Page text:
The measure of achievement, true achievement, is and should be very personal. Achievement is built in to our very fiber. Otherwise why would the child take such delight in his first two steps and pick himself up countless times to take the next three. But we can easily “get in the way” of achievement for its own sake if we are not careful. As well meaning as each of us are, a gold star, an extra $5.00, too much praise and the joy of inherent achievement is stripped of its true value. How quickly we learn to work for the goal instead of delighting in the process!
Achievement to be proud of is achieving to the very best of one’s ability. To achieve one’s personal best requires good, sound, fundamental preparation and personal development, self-esteem, a good education, and the unobstructed desire to achieve. The tools must be given and the environment must be created to allow each and every individual the opportunity to achieve to the very best of his abilities.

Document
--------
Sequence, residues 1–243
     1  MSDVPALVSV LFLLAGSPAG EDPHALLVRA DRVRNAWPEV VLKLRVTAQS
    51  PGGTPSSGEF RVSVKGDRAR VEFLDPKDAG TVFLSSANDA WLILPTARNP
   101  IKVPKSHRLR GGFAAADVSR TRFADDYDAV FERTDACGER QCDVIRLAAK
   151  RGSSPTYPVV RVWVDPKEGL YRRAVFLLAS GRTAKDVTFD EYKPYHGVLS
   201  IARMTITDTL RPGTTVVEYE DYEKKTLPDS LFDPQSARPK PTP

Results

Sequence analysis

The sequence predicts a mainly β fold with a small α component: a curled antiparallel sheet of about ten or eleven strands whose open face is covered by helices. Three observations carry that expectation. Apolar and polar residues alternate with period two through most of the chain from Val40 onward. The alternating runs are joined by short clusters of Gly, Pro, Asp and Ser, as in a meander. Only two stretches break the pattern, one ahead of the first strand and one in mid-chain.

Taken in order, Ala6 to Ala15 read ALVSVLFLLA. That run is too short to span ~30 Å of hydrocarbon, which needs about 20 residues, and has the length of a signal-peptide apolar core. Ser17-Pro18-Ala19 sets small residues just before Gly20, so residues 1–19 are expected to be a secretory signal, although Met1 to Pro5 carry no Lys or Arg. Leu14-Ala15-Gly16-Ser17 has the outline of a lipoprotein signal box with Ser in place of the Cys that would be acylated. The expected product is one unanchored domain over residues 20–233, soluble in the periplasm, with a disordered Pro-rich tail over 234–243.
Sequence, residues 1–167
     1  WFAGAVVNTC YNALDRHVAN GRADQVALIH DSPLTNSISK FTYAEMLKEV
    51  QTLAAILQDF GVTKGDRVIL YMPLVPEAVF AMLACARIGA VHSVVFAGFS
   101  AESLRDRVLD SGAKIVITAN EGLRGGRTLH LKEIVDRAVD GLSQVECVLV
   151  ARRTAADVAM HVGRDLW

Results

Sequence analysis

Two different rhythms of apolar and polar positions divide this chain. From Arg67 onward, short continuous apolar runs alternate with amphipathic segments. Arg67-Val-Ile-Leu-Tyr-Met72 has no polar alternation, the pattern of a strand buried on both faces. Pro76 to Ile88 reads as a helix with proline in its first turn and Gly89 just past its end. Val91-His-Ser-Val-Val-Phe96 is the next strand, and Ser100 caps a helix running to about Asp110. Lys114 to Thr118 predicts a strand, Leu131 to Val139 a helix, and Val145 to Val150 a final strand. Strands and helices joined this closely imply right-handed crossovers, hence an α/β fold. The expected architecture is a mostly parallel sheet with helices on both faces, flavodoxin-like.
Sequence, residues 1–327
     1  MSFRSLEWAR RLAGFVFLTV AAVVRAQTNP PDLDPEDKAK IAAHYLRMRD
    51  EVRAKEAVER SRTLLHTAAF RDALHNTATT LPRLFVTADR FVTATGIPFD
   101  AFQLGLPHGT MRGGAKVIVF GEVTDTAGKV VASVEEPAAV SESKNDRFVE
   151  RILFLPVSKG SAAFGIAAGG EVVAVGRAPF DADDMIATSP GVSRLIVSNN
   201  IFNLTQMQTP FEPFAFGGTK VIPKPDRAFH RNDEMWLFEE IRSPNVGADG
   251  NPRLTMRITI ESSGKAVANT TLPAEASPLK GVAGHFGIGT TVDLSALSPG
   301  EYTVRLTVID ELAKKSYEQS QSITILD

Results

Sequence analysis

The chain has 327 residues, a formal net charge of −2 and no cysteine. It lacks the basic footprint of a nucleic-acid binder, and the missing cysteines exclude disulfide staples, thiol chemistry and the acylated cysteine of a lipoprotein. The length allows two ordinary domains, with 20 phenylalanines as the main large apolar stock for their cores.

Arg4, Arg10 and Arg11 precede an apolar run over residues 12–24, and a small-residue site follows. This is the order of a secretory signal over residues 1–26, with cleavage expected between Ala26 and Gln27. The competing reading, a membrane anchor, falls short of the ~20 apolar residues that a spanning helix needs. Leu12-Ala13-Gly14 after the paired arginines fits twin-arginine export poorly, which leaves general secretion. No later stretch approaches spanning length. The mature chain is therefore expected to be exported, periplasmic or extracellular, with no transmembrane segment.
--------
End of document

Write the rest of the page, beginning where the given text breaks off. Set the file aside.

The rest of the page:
While Harvard may well be a standard of a high school senior’s “achievement,” equally as important to measuring achievement is a high school senior’s ability to stand before an audience and share their knowledge, their opinions, poised and self-assured. Pursuing one’s dream career that may not garner great wealth, but can result in great happiness and personal satisfaction - that is also achievement.
Setting aside wealth, professional status and titles - perhaps the true achiever can and should be recognized as the young adult who is productive, at peace with himself, independent, self-assured; the adult who knows within himself the joy of personal satisfaction for a job well done whether or not anyone else has acknowledged it. We have all seen it in the faces of others and hopefully experienced it ourselves - that smile, that satisfaction of success.